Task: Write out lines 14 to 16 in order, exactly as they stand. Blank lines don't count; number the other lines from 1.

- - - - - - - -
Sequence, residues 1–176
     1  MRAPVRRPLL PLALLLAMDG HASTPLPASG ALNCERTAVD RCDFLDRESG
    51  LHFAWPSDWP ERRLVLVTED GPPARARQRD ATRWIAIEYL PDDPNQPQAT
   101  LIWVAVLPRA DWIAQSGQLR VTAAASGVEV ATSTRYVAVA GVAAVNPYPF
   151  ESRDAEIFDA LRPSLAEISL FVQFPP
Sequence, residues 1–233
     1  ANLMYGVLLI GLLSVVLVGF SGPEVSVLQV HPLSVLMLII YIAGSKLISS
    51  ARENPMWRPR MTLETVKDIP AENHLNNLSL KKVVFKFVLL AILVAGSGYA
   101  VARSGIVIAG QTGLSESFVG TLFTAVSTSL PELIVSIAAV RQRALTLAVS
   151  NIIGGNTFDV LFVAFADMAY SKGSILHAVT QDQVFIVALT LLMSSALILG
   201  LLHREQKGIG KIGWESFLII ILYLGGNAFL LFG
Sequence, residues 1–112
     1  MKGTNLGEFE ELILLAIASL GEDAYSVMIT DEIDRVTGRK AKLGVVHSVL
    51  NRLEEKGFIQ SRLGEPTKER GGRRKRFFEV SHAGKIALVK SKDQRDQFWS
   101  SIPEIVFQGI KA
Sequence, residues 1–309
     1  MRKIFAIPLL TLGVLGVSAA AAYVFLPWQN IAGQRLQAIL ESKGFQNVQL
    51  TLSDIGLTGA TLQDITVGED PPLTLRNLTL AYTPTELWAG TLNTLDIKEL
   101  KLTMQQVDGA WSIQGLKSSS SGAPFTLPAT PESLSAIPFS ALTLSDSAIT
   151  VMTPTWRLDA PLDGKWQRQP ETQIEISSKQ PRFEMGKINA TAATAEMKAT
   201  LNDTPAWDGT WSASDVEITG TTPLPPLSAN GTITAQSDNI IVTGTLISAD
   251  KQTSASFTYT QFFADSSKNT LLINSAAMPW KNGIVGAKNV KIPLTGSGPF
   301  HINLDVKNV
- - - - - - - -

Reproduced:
    51  NRLEEKGFIQ SRLGEPTKER GGRRKRFFEV SHAGKIALVK SKDQRDQFWS
   101  SIPEIVFQGI KA
Sequence, residues 1–309